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The Boys is Good, but Mostly for the Girls

Ever since Amazon Prime started pushing season two of their original series, The Boys, I’ve been curious and a little skeptical of it. I saw ads for the show everywhere, and it seemed simultaneously like something I would love and hate. Mostly because the title, The Boys, made me feel like I wasn’t the show’s demographic. I had sort of written it off because of this, but after a friend gave it an enthusiastic thumbs-up, I gave it a try. The verdict? I love it, but it isn’t without its issues. 

The premise of The Boys is this: in a world where superheroes are commonplace, they are commodified like Disney characters and pageant stars. They’re easily corrupted, they abuse their power and they get away with those abuses with little to no consequence. The series follows Hughie Campbell (Jack Quaid) and William “Billy” Butcher (Karl Urban) on a quest for revenge against the Seven, the most respected and powerful team of Supes in the world. Basically, they’re the Justice League if Superman liked killing civilians for fun. 

If you’re thinking of checking out The Boys, keep in mind what my friend who recommended the show told me: you will know within the first six minutes if you want to watch the show. Obviously, I kept watching. 

By the end of the two seasons, I found many things to like and dislike about this show. Here are just a few. 


Reasons to watch The Boys:

1. The girls.

The show might focus on those boys, but honestly? The women are the best part of the show. Erin Moriarty shines as Starlight, a newcomer to the Seven who is quickly disillusioned about the heroic life she’d envisioned for herself. Dominique McElligott delivers a nuanced and heartbreaking performance as Queen Maeve (the Wonder Woman-type of this universe). 

Most captivating is Karen Fukuhara as Kimiko, a super strong, super healing badass and the only permanent member of The Boys that isn’t a boy. Her friendship with Frenchie (Tomer Kapon) is one of the highlights of the series. 

2. The found family dynamics. 

If you’re a sucker for people from different lives and backgrounds coming together and becoming a family, this show will deliver. 

3. The thoughtful and timely critiques of our world today. 

The Boys is nothing if not topical. The first season spent a significant amount of time examining how women are treated when they try to report sexual abuse in the workplace, how women can be accomplices to the men that commit these abuses, and a general condemnation of the late-stage capitalism we’re currently living in.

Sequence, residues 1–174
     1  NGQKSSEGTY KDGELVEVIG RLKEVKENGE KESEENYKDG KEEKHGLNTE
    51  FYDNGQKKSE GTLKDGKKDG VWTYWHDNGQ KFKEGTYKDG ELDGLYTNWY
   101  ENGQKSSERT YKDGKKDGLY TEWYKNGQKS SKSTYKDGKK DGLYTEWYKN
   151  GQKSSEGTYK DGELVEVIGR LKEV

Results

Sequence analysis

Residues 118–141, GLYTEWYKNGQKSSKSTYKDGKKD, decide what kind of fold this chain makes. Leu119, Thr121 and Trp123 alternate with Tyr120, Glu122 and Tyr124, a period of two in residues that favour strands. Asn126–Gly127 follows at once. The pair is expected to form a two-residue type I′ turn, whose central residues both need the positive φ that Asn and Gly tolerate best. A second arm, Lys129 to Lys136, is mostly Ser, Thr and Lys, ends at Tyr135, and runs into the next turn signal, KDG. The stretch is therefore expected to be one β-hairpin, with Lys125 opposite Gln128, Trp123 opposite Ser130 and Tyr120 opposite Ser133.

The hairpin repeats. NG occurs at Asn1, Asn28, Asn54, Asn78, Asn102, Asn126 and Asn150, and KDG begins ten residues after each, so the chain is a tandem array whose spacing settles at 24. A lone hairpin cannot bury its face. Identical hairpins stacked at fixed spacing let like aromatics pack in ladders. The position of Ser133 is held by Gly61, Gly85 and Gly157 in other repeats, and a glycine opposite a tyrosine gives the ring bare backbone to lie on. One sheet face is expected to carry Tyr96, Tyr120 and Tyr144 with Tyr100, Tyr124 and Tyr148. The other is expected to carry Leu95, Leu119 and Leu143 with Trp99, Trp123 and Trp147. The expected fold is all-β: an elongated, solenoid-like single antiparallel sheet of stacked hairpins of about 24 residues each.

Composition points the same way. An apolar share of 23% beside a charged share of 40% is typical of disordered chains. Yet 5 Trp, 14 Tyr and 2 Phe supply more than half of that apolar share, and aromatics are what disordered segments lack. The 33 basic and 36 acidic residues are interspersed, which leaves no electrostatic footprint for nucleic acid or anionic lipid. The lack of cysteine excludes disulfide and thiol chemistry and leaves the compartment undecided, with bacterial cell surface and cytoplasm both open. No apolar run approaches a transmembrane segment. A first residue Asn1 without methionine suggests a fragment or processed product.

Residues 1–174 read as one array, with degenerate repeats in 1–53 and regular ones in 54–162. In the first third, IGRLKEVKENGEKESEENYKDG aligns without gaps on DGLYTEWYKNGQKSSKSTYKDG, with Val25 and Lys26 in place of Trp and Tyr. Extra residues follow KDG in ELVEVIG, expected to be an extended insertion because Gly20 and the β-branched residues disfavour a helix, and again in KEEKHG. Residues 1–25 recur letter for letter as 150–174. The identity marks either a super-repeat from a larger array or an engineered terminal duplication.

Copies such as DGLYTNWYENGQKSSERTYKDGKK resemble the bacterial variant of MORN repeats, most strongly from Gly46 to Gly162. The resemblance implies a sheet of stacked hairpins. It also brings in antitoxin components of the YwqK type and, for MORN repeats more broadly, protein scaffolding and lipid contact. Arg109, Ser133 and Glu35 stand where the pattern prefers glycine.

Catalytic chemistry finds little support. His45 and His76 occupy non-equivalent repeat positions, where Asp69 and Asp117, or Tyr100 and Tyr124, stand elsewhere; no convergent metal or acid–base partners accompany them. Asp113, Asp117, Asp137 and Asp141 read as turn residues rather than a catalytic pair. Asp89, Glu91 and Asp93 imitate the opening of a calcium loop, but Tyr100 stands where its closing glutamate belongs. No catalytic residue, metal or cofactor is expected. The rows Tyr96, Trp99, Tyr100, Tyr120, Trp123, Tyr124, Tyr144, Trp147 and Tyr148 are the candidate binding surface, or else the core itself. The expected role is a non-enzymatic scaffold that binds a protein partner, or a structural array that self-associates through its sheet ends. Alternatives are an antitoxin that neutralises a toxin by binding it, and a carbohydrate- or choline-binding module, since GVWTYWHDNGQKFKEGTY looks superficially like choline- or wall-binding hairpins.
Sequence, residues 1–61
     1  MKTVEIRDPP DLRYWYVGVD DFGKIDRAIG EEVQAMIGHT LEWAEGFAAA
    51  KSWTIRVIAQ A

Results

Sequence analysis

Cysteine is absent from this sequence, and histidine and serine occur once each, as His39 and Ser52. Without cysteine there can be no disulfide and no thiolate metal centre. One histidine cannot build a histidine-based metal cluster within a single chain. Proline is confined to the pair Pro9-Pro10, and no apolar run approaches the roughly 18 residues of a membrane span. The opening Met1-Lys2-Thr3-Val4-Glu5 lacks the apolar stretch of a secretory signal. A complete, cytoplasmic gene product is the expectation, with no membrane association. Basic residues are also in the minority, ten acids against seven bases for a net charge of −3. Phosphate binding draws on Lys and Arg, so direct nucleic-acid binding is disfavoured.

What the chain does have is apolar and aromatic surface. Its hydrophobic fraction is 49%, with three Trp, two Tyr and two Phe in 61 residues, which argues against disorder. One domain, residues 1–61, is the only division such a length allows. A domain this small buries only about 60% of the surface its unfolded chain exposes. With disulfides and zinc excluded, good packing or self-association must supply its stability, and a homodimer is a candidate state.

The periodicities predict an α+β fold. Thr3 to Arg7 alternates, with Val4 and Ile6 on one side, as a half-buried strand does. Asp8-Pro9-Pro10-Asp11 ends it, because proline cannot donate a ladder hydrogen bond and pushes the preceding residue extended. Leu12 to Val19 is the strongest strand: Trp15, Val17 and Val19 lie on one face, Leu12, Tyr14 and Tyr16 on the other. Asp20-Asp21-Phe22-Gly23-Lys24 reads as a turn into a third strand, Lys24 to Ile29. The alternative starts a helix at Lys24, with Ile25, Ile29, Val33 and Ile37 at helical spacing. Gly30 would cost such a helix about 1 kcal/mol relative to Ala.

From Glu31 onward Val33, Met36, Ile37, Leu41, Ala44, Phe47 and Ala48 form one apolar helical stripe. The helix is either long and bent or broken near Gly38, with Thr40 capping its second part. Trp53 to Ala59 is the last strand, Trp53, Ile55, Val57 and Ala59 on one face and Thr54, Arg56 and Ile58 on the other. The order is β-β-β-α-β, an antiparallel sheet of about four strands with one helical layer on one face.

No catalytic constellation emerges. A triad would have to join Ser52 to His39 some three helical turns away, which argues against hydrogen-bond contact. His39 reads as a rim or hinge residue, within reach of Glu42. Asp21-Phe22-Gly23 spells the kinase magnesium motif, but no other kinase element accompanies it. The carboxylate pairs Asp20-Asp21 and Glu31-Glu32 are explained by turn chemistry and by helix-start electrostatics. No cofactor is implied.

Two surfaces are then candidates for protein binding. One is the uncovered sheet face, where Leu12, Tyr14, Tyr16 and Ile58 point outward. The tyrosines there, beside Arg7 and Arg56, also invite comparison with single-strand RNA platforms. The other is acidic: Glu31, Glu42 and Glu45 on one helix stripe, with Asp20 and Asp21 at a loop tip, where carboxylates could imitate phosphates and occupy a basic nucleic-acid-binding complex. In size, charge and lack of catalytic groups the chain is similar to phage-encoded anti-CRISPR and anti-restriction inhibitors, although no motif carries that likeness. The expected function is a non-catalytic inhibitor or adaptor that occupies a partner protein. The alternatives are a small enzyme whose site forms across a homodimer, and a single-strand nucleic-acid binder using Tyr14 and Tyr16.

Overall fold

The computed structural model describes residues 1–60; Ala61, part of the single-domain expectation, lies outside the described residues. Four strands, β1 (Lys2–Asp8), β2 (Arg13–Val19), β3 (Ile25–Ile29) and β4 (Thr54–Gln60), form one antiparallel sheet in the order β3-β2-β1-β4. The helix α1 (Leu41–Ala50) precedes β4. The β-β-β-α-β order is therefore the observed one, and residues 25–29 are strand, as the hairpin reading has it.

The second season took on American politics and the rise of extremism as well as the tactics that members of the alt-right use to recruit people to their causes. I’ll give as little away as possible, but by the end of the season you will get to see a neo-nazi get what’s coming to them, and it is delightful. 

4. The costumes. 

This show goes all-in with its hero costumes, and they are fantastically flashy. I am extremely envious of Starlight’s cape.


Reasons to skip The Boys:

1. Treatment of female characters. 

It wouldn’t feel right to not acknowledge that this show follows the long-time comic book tradition of killing off (mostly) female love interests solely to motivate male protagonists into action. The inciting incident of the show sees Hughie’s girlfriend killed in a horrible way, leading him to want revenge against the man who killed her. This isn’t the only instance of this trope in the series. Like Hughie, Karl Urban’s Butcher seeks revenge against another hero for an even more horrific series of events that led to the disappearance of his wife. 

Throughout the show, it’s the female characters who are subjected to the most graphic violence and gruesome deaths. Their trauma is more visible and personal than that of the men, who mostly have to deal with the aforementioned emotional pain of the women in their lives being hurt. 

2. Specifically Kimiko.

There’s also a lot to critique about the show’s treatment of Kimiko, the only major Japanese character and the only disabled character on the show. For a good portion of the show, she has no concrete way of communicating with the other characters, having become mute after childhood trauma.

Kimiko is eventually given a voice in the show with her own style of sign language, but even the showrunners have acknowledged the problematic ways that Kimiko was portrayed in the first season. Based on this and some other sketchy choices made for the show’s few characters of colour, it’s clear that The Boys could benefit from a more diverse writer’s room. 

3. Excessive amounts of gore.

I love a gross, bloody moment as much as the next person, but the bar for the amount of blood and guts in an episode is set high in the pilot, which means the show spends lots of time trying to out-gross itself. I hate to say it, but sometimes it can be a little bit too much!


Despite these flaws, I’m excited to see what they do with the third season. Hopefully, they will cultivate a more diverse cast and crew going forward, ensuring that the writers can actually tackle the issues they take on in a respectful way and writing a show that doesn’t alienate the people it’s trying to represent.

Emma is in her fourth year of a BFA in Screenwriting and a Film Studies minor at the University of Victoria. She's an aspiring filmmaker and pop-culture obsessed. When she isn't writing for Her Campus or burning her eyes from staring at a screenplay that just isn't working, she's probably at home playing video games, watching movies (it's technically homework, she's studying them) or mindlessly scrolling through her TikTok feed.
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